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After spending the school year seeing their new teacher on a computer screen, one little kindergartener let Andrea Meyer know he was glad to meet her “in real life person,” she recalled, chuckling. And Meyer is glad to finally to know them in “real life person” as well.
Lt. Col. Meyer started her first day back at Lincoln Trail Elementary School on Nov. 1 after being deployed to Kuwait for 400 days. She deployed in Sept. 2011.
She’s returned to new students and with new experiences from the deployment. The transition back to her life in Elizabethtown is difficult, but she described her first day back at the school as “wonderful.”
“It was just refreshing to get up and go do what you love to do,” she said.
Meyer maintained her place in the Lincoln Trail family by Skyping with her teaching assistants and students once a week. Meyer said it was essential to her mental well-being and she doesn’t know what she would have done without those virtual visits during her deployment.
“It was the longest 400 days of my life,” she said.
The group of students that Meyer, a special education teacher, taught since preschool moved on to middle school while Meyer was gone. She struggles with the fact that she missed that milestone. She considers those students and their parents her extended family.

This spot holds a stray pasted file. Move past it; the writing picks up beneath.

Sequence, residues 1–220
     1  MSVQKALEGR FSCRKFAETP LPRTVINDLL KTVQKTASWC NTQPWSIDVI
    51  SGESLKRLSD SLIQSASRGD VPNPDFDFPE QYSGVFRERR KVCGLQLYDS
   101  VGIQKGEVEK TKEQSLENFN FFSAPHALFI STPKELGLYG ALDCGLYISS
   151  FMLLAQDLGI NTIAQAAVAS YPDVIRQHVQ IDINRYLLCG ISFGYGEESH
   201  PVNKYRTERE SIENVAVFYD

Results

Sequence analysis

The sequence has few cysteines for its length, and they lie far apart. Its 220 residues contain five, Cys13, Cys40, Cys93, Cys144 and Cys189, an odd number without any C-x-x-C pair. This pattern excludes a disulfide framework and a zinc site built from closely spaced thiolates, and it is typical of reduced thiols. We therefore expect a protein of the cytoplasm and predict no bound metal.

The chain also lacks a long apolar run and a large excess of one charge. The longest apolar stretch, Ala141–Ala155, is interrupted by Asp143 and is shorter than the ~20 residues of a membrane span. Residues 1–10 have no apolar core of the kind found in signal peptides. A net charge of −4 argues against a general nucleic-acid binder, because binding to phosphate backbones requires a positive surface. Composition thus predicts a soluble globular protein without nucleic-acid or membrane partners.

And that made her arrival at the Louisville International Airport even sweeter when she saw that her former students were waiting for her.
“I was stunned and shocked and overwhelmed,” she said. They went to dinner together at her favorite restaurant, Olive Garden.
“We all sat down like the Waltons and ate,” she said.
Meyer is now working on resiliency training, which assists in her transition back to her life as a teacher, wife and mother. It helps returning soldiers deal with the idea that life had continued while they were gone. Meyer said she feels like it’s helping her recognize and deal with emotions that arise through the process, but it’s hard to do so.
Despite the difficulties in her deployment, Meyer is happy to have had the experience.
“It was rewarding and it was fulfilling,” she said.
She now sees the stressors in her teaching career can often be small issues compared to what she dealt with in Kuwait.
“It allows me now to put things into better perspective,” she said.
Kelly Cantrall can be reached at (270) 505-1747 or firstname.lastname@example.org.